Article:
Astronomy Picture of the Day

Discover the cosmos! Each day a different image or photograph of our fascinating universe is featured, along with a brief explanation written by a professional astronomer.

November 4, 1999

Gamma-Ray Bursting
Credit: Laura Whitlock (Imagine The Universe!), GSFC, NASA

Explanation: Using graphics and data from NASA's Compton Gamma Ray Observatory, this animation illustrates one of the most exciting mysteries of modern astrophysics, gamma-ray bursts. Incredibly gamma-ray bursts, sudden flashes of radiation with over 100,000 times the energy of visible light photons, occur several times a day. They typically last from fractions of a second to many minutes and appear from random directions, unexpectedly triggering space-based gamma-ray instruments. At left a burst suddenly appears, flickers and fades in a false-color gamma-ray all-sky map, briefly overwhelming all other sources of celestial gamma-rays. The graph at right shows the corresponding response of an orbiting gamma-ray detector as its counting rate suddenly climbs and falls recording the passage of the mysterious burst. Originating far across the Universe, gamma-ray bursts are now known to be the most powerful explosions since the big bang and may yet prove to be useful tools for exploring the distant cosmos. Future space and ground-based observatories will also work to discover the nature of the bursters and the source of their extreme energy.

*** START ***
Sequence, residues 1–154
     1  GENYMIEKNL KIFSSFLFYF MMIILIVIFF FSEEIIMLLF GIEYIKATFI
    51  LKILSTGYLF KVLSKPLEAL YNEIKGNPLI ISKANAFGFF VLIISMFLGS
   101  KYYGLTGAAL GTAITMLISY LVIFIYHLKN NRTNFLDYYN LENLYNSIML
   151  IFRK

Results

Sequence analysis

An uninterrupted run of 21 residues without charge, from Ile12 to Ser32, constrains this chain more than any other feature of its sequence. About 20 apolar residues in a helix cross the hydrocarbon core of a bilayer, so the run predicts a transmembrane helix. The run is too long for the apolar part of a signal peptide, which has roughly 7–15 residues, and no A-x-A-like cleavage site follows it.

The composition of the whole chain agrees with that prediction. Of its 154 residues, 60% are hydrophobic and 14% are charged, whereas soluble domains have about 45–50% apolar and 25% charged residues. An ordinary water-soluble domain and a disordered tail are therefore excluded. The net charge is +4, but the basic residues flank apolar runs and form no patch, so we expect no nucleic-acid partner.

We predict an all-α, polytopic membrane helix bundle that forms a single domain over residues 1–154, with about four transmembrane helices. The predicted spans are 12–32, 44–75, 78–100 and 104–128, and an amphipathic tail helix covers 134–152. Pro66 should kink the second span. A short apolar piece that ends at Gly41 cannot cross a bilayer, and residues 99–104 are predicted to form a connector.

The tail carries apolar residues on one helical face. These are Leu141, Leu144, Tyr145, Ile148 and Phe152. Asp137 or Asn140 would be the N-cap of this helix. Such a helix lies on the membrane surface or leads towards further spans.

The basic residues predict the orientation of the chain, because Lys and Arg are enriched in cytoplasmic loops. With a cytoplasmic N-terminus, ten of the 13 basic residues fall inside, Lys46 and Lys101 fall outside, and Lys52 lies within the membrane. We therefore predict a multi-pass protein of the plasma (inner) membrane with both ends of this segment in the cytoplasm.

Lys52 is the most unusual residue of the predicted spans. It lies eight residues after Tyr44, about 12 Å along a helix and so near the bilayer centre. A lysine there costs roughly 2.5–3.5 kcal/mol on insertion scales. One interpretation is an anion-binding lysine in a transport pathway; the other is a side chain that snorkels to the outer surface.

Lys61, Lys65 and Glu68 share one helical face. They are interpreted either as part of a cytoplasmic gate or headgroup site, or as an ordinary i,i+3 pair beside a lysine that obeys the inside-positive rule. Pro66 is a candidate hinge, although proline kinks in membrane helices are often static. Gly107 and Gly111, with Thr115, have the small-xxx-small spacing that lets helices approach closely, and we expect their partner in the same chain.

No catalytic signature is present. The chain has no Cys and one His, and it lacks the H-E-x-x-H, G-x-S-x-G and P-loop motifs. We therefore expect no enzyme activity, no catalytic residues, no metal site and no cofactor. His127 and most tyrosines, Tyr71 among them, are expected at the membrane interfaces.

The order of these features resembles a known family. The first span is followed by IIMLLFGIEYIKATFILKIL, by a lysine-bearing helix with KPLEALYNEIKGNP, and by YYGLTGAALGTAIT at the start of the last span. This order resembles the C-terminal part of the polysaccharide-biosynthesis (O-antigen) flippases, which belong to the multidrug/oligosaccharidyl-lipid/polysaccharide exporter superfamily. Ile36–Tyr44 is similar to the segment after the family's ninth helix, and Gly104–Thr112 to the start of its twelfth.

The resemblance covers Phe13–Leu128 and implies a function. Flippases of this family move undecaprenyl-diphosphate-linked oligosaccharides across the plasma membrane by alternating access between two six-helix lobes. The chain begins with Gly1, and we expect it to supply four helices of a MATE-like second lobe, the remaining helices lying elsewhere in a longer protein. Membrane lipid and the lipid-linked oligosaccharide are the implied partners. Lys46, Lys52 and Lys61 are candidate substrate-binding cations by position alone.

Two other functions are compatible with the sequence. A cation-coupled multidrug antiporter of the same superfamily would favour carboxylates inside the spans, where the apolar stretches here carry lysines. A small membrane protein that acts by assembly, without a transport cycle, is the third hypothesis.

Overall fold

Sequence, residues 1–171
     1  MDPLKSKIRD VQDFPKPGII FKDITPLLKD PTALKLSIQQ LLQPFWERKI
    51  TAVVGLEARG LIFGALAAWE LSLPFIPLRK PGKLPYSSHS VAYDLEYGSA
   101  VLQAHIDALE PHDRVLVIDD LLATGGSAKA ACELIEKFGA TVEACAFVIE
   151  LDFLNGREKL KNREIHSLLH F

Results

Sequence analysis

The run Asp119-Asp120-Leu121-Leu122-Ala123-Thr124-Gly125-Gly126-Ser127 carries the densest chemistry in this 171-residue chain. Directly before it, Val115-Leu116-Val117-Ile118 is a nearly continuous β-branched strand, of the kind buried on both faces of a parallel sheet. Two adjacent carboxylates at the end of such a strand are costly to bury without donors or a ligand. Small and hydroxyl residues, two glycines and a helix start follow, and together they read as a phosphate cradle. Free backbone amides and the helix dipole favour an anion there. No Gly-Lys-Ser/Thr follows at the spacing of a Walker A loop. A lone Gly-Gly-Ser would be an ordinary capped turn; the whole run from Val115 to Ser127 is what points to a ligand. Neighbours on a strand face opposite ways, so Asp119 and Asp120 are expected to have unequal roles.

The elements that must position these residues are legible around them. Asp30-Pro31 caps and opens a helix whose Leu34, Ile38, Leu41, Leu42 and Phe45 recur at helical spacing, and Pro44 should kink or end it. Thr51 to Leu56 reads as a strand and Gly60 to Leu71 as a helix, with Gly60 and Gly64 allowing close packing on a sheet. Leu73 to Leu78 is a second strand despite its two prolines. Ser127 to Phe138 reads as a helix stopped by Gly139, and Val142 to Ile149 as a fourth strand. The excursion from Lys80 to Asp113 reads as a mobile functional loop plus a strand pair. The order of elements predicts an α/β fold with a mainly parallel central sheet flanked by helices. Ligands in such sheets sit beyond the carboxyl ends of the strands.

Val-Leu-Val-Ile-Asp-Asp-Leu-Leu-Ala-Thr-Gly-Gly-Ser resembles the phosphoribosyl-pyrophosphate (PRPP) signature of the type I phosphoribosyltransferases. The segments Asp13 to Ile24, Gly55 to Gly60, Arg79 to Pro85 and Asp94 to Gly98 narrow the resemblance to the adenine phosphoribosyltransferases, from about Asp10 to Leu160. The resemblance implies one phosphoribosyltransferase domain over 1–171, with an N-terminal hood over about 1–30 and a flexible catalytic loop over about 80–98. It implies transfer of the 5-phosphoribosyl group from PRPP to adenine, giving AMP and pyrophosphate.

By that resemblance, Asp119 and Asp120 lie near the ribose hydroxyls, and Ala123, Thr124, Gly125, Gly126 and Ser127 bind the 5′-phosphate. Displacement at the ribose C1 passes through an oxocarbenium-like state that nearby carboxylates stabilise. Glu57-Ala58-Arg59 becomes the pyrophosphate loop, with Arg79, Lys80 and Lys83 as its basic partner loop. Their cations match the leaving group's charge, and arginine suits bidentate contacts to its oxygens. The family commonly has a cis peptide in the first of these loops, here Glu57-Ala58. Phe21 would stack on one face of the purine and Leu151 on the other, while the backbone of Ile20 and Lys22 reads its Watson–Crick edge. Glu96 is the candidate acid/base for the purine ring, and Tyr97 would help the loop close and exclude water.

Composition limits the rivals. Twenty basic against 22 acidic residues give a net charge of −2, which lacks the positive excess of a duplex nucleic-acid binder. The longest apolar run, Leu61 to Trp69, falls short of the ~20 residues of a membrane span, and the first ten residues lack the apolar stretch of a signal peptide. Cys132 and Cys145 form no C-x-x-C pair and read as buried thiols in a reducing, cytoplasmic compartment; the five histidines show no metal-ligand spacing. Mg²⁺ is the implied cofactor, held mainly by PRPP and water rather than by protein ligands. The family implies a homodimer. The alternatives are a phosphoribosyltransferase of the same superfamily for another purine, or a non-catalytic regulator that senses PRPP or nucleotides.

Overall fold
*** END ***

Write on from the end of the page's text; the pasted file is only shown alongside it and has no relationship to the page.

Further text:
Tomorrow's picture: Shadow Of Phobos

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Authors & editors: Robert Nemiroff (MTU) & Jerry Bonnell (USRA)
NASA Technical Rep.: Jay Norris. Specific rights apply.
A service of: LHEA at NASA/ GSFC
& Michigan Tech. U.